The government has also amended the formula for calculating public holiday pay to clarify that employees are entitled to their "average daily wage" calculated based on the total wages earned in the payroll period prior to the public holiday, divided by the number of days actually worked during that pay roll period. While this is unlikely to change things for employees who typically work five days per week, it will have a profound impact on public holiday related costs for casual and part-time employees who work less than 5 days per week.
Both of these changes come into effect on January 1, 2018, and many employers are still scrambling to put in place payroll practices to capture these changes.
Personal Emergency Leave
Effective January 1, 2018, all workplaces will now be subject to the 10-day personal emergency leave entitlement, with the first 2 of those days being fully paid (i.e. whatever pay would have been received had the employee worked the shift in question). For the first time, this will mean that families and other small employers are subject to paid Personal Emergency Leave ("PEL") requirements.
In addition, employers will be prohibited from requiring (but not necessarily requesting) medical certificates in relation to PEL, with negative implications for managing attendance and absenteeism.
The Act does not address concerns related to the accumulation of paid PEL for employees who work only intermittently. This is very concerning for employers who rely on casual and relief employees. The Act will also serve to incentivize employees to seek out multiple jobs in order to capitalize on paid personal emergency leave from multiple employers. These changes will increase the costs associated with relief and part-time staff and DS Sector employers may wish to consider alternatives staffing approaches, such as dedicated full-time floaters.
For employers who already offer paid leave for various purposes, such as "personal days", "sick leave" and "bereavement leave", the case law suggests that an employer may be permitted to count such paid leaves against PEL entitlements, where the purposes and terms on which the leave and PEL are provided are consistent. We recommend that employers look at their current leave practices, make changes to clearly demonstrate that they are inclusive of and/or count against PEL, and where that is not possible due to their incorporation in a collective agreement, approach the attribution of bargained leaves towards PEL on a case by case basis.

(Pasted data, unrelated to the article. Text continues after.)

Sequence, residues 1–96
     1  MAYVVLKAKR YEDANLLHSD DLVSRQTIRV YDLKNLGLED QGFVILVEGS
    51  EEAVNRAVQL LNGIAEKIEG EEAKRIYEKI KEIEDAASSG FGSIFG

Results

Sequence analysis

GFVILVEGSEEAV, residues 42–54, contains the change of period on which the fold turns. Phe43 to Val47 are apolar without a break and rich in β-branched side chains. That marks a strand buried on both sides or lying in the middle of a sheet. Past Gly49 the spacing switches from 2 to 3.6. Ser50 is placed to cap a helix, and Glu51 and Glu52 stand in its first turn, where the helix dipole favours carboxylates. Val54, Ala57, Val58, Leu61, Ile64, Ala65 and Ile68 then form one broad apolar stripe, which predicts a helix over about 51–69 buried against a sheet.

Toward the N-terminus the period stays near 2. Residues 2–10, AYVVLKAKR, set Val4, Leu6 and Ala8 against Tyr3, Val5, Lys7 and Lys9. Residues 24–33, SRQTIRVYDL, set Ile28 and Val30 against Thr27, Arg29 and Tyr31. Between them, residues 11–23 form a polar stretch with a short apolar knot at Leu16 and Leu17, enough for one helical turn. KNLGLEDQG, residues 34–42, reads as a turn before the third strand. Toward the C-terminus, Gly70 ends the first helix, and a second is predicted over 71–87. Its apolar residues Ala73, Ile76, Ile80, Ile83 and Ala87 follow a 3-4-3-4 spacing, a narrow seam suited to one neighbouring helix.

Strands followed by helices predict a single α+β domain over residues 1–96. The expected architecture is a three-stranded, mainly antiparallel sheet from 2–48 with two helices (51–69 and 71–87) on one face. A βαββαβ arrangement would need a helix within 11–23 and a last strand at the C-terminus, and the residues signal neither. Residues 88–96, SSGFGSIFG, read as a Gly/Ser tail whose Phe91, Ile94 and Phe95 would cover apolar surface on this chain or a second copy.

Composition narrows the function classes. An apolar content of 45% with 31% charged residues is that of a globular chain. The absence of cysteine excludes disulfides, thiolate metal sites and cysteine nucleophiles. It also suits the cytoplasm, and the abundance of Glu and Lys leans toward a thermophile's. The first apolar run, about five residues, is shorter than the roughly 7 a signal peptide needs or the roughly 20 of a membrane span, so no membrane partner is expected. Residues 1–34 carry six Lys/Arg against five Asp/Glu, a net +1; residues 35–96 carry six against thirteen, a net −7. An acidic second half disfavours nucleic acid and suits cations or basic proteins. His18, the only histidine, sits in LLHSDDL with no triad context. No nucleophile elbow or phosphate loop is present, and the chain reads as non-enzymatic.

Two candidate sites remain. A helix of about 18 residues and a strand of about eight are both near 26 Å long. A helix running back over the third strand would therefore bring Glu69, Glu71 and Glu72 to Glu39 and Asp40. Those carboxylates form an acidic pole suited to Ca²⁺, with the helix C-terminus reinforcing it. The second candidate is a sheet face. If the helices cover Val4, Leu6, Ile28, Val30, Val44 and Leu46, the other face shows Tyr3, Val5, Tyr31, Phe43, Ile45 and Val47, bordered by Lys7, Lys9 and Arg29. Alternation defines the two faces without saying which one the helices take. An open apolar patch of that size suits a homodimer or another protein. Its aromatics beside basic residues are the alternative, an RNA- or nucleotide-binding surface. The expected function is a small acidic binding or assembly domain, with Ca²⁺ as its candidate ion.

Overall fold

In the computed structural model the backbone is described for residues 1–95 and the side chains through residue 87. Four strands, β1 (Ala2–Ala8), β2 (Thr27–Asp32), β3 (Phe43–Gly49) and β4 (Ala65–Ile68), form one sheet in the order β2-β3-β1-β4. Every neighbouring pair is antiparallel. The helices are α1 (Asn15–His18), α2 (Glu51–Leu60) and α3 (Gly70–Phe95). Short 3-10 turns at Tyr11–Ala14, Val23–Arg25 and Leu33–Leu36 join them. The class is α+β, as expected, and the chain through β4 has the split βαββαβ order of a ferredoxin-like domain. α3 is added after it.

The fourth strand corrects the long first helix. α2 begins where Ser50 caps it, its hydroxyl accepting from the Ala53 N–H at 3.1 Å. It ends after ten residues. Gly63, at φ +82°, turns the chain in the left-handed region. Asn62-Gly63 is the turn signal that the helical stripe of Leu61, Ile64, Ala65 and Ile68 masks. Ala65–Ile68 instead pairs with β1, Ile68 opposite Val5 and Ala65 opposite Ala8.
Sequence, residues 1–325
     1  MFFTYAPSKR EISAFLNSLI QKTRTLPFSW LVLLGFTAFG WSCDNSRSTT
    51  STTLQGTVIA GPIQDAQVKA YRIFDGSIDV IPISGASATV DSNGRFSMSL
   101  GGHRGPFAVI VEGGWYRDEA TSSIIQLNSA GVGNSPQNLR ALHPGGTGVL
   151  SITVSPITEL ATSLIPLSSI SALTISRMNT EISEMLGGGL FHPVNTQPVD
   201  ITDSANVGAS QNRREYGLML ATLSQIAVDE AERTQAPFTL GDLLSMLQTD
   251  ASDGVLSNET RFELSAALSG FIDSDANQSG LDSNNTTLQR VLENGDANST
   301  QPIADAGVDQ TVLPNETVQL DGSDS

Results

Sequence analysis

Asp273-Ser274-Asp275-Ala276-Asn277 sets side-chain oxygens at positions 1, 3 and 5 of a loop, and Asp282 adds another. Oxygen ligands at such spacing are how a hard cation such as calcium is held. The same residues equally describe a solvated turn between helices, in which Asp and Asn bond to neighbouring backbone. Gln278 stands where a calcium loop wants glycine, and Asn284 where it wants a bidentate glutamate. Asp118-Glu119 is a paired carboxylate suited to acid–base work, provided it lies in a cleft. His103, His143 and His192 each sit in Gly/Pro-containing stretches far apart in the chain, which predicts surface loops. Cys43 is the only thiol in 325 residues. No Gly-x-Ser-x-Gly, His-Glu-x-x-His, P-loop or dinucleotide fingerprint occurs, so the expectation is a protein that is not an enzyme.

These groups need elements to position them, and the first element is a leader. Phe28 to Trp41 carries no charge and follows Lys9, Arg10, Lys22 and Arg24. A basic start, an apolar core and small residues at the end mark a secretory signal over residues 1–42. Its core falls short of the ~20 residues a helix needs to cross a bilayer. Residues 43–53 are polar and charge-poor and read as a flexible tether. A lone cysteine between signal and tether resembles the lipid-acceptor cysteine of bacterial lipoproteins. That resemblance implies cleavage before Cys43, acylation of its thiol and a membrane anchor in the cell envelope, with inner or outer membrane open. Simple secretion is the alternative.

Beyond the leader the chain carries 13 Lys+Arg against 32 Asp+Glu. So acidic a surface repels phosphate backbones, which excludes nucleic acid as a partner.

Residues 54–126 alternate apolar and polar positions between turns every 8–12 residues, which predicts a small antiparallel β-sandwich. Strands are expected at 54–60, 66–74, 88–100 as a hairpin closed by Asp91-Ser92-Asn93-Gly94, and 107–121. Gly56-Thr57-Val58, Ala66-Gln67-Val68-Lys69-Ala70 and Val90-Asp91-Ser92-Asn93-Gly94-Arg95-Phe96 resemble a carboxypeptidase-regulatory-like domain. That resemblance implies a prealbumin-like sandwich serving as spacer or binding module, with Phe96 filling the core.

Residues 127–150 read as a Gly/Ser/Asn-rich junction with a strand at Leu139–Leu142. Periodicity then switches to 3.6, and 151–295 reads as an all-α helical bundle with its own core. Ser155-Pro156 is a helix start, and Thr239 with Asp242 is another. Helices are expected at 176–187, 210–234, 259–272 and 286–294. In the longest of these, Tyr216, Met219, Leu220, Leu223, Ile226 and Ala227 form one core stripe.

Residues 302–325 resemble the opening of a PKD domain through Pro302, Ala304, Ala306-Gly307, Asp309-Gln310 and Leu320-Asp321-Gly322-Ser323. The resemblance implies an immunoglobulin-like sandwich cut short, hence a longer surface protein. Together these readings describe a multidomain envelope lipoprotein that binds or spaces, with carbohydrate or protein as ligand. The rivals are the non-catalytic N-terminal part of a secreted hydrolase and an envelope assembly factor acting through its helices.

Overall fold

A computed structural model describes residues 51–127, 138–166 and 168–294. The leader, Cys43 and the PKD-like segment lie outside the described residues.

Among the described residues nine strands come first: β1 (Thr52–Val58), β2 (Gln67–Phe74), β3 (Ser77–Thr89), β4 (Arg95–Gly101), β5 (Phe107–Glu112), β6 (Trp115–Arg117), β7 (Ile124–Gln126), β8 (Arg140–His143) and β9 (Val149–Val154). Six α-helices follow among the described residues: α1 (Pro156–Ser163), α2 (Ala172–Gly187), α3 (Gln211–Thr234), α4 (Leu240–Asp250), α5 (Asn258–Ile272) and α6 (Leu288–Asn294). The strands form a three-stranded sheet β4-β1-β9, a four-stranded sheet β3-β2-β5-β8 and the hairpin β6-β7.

New and Longer Leaves of Absence
Bill 148, as amended, provides for generous new leaves and increases to existing leaves, including:
  • New Domestic or Sexual Violence Leave – 5 days of paid leave, 5 days of unpaid leave, and 13 weeks of leave (provided that any time taken in any week is treated as a full week of leave), to address various absences related to an employee or a child of the employee having experienced sexual or domestic violence.
  • Family Medical Leave – increased from 8 weeks to 28 weeks (provided that any time taken in any week is treated as a full week of leave).
  • Parental Leave – increased by 26 weeks meaning that an employee could take as much as 18 months of leave.
  • Pregnancy Leave – Leave for employees who suffer a still-birth or miscarriage will be extended from 6 weeks to 12 weeks after the pregnancy loss occurs.
  • New Child Death Leave – 104 weeks (2 years).
  • Crime Related Child Disappearance Leave – Increased from 52 to 104 weeks (2 years).
  • Critical Illness Leave – 17 weeks for the care of a critically ill adult family member.
All of these various leaves come with job protection (meaning that an employee must be returned to their pre-leave job at the end of the leave, or if that job no longer exists, a comparable job) and benefit continuance (meaning that an employer must continue to pay their share of benefit premiums for benefits during the leave, so long as the employee pays their share).
Eliminating "Simulated Work" and "On-the-Job Training Exemptions
Simulated Work

Existing language under the ESA provides that persons who perform work in a "simulated job or workplace" for the "primary purpose of rehabilitation" are not employees for the purposes of the ESA and therefore are not entitled to the minimum wage or other benefits and protections associated with employment under the ESA. There is no case law confirming that this exemption applies to DS Sector sheltered work programs or social enterprises, but it is nonetheless the principal defense advanced by agencies in human rights and Ministry of Labour complaints related to social enterprises and other operations in which persons supported perform work-like activities for less than the minimum wage.